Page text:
Bittersweet freedom

A memoir about a brave, doomed refusenik and her courageous American friend.

Inna Kitrossky 521 (photo credit: Courtesy of the kitrossky family)
Inna Kitrossky 521
(photo credit: Courtesy of the kitrossky family)
Moscow in the 1980s was a grim and dangerous place where talking to an American on the street was enough to attract the unwanted attention of the KGB. This is where Lisa Paul, then a University of Minnesota coed, came to work for two years as a nanny for an American businessman’s children.
It’s not clear why Paul, a devout Catholic, took an interest in Russian language and culture. But it is clear from her book that the education she received abroad was not at all what she expected.
“I began my stay in Moscow on the side of left-leaning peace activists in the United States,” she writes. “I was optimistic and believed [in] the simplistic notion that if the American and Russian people came to know and understand each other, we could peacefully coexist. But one experience after another during my second year in Moscow chipped away at that optimism.”
Her Russian-language tutor, Inna Kitrosskaya Meiman, turned out to be a Jewish dissident. Paul became an activist on behalf of Meiman, who was refused permission to get cancer treatment in any of the countries that offered to pay for her trip and medical care – most likely as punishment for her refusenik husband Naum’s participation in the Moscow Helsinki Watch Group.
It is from Meiman that the book gets its title. She shared with Paul, and later with the world, a folktale about a fish so scared of a certain undersea predator that it dares not leave its hiding place during the daytime hours for fear of being caught. Meiman, then 51, was determined to “swim in the daylight” no matter the cost.
In addition to Meiman, Paul befriended several young Russians despite the danger involved, and their stories also opened Paul’s eyes to their Orwellian reality. In fact, her first act of derringdo “in the land that’s the exact opposite of everything we are and everything we know” was helping a friend’s mother secure a copy of George Orwell’s 1984.
The woman, a reviewer at the Soviet institute of censorship, had mislaid the book. If the loss were discovered, she would have been fired, evicted and sent to jail. As Orwell’s books were banned in the USSR, buying a replacement was impossible. Paul arranged to receive a copy her mother mailed in Minnesota to an acquaintance at the American Embassy.
At one point, Paul even considered a sham marriage to Gary, a young black marketer, to get him safely to the United States. Meiman and others dissuaded her. Gary successfully feigned mental illness to get out of serving with the Soviet army in Afghanistan, but his story did not end happily.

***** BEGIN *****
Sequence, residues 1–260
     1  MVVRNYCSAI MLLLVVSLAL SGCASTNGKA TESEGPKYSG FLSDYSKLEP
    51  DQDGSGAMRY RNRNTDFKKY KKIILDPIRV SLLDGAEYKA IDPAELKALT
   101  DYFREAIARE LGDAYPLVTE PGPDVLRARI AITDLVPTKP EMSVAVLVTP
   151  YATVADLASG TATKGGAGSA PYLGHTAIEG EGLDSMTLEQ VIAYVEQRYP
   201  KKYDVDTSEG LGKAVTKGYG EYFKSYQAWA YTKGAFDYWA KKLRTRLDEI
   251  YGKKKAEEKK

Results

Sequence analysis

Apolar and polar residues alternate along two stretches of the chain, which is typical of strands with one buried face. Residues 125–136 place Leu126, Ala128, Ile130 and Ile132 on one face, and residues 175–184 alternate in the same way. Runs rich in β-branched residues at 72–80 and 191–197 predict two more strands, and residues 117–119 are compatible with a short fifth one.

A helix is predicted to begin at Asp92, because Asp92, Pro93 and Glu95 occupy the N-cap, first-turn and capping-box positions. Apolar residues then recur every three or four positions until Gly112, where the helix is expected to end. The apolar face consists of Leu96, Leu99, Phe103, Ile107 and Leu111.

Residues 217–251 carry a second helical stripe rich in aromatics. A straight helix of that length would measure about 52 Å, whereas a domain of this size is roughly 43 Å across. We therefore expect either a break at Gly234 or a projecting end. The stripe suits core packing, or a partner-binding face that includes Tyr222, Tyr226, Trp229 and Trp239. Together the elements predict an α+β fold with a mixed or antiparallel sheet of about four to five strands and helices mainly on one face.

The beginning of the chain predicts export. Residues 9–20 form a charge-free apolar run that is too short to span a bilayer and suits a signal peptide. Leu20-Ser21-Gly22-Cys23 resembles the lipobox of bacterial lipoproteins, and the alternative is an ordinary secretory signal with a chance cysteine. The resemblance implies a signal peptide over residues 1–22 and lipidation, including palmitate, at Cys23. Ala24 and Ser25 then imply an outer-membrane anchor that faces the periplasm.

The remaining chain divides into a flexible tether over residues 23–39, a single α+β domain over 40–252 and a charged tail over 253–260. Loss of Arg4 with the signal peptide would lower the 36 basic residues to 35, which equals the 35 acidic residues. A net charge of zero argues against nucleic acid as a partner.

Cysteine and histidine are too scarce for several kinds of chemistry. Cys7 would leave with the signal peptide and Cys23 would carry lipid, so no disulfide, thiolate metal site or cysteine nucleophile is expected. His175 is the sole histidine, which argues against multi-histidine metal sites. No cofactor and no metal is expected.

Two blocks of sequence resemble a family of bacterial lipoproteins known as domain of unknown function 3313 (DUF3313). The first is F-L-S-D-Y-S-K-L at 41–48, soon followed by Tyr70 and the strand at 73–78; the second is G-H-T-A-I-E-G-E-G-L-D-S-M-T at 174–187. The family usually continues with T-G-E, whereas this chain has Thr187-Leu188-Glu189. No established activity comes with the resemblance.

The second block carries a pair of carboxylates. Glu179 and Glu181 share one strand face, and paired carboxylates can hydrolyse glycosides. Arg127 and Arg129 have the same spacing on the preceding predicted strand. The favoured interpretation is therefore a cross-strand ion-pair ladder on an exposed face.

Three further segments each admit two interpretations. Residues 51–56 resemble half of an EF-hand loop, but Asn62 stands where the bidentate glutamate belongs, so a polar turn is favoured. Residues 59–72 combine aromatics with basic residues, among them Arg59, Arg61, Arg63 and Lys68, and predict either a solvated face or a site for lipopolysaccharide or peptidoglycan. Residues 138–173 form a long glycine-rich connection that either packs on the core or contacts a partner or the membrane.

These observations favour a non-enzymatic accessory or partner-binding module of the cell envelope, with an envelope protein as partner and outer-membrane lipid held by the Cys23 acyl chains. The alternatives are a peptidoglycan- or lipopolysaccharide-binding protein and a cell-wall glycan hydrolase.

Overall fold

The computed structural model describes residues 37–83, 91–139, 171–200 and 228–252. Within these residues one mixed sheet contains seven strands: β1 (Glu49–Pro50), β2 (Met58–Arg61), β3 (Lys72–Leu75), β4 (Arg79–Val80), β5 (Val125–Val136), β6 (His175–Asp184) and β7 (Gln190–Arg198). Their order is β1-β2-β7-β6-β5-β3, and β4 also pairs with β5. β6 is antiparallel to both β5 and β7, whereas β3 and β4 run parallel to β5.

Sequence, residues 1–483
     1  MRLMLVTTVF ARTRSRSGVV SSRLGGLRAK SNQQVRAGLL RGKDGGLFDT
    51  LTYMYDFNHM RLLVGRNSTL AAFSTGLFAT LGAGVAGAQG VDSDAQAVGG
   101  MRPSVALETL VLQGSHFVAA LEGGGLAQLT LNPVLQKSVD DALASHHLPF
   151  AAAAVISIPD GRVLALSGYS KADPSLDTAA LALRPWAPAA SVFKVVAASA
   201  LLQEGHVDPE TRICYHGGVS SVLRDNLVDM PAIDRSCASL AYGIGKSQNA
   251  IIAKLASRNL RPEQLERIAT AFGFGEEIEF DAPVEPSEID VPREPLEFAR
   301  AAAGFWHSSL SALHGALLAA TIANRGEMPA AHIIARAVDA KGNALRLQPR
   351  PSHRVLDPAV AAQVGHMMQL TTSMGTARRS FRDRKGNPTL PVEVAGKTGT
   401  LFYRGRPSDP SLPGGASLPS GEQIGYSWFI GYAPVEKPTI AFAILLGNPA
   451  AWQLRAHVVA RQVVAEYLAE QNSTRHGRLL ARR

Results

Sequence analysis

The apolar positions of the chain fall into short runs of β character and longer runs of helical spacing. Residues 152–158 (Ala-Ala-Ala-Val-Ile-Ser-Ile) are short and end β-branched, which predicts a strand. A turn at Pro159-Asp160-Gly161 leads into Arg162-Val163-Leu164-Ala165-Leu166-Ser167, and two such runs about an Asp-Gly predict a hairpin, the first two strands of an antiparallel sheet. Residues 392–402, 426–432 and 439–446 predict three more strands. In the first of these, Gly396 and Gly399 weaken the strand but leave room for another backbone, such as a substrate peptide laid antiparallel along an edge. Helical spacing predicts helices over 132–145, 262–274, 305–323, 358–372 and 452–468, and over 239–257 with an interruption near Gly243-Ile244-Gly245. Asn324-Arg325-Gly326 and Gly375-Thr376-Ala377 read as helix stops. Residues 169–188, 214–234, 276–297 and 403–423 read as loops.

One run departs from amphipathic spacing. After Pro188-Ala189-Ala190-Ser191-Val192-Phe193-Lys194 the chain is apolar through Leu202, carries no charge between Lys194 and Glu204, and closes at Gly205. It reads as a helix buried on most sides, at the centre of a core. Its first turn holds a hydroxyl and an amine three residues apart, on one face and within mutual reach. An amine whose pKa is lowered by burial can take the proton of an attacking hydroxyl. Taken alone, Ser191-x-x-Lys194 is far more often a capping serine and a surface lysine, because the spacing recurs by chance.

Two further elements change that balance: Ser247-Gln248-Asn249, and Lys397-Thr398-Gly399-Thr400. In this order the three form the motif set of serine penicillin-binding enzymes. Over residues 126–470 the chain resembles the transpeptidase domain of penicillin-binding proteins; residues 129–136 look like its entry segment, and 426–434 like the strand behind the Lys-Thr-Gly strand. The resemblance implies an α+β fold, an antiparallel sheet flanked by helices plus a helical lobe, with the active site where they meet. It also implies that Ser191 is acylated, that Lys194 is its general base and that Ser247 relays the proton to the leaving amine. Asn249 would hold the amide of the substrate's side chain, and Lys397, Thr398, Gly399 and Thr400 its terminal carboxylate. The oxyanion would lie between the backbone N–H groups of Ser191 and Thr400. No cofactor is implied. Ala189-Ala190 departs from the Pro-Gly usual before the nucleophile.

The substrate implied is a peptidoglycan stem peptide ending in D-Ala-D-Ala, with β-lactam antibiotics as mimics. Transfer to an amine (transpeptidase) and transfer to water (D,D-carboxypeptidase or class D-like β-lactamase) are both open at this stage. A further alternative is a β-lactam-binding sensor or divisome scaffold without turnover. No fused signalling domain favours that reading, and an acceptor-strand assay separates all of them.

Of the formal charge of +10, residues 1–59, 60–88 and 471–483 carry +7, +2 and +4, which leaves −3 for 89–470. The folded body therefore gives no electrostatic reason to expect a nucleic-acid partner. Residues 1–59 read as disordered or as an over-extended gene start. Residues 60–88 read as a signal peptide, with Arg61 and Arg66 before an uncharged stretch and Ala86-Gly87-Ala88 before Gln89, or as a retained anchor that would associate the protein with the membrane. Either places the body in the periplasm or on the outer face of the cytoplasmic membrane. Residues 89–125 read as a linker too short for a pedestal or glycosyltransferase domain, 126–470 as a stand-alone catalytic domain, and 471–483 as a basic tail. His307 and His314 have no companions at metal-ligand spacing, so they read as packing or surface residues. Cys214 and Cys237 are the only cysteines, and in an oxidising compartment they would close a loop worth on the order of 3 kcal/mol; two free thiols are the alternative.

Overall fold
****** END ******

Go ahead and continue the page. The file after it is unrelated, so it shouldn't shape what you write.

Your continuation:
Sadly, neither did Meiman’s.
While still in Russia, Paul helped arrange for Meiman (who was already well known to US diplomats and politicians such as Colorado Sen. Gary Hart) to be interviewed by an American reporter. That taped interview proved pivotal in bringing Meiman’s plight to the masses.
Back in Minnesota, Paul embarked on a 25-day hunger strike in an attempt to expedite a solution to Meiman’s desperate situation. The ensuing publicity brought Paul many speaking engagements and ultimately took her to Washington, where she worked with the Soviet Jewry movement and government officials to get Meiman a visa.
But diplomacy is and was a painfully slow process, particularly in pre-Internet days. By the time Meiman arrived at Washington’s Georgetown University Hospital in 1987, it was much too late. She died within a few weeks, and to make matters worse she died without her husband, whose release the Americans could not obtain. Probably as a result of press reports surrounding Meiman’s death, he soon got permission to emigrate to Israel, as did her son, Lev.
The ever-optimistic Meiman nevertheless felt she had won an important victory. As she wrote to Hart, “The hospital is just beautiful, but that is not the most important thing. The most important thing is the sensation of being among friends, of being cared for and about.”
She received many visitors, including former dissidents such as Anatoly (Natan) Sharansky, who’d been freed only the year before. She savored feeling that “for the first time in my life, I did not have to look over my shoulder with worry the KGB might barge in.”
At Meiman’s funeral, former ABCNews Moscow bureau chief Anne Garrels (now with National Public Radio) told the folktale about the fish.
“Anne made the point that Inna had been swimming freely in the daylight long before she left the Soviet Union and that it was her great triumph to be free in America before she died,” writes Paul.
This first-person memoir about a brave, doomed refusenik and her courageous American friend is a welcome addition to the body of literature about an unfathomably cruel regime that destroyed its own people. Paul’s unusually sharp powers of recollection make this bleak period in modern history come alive.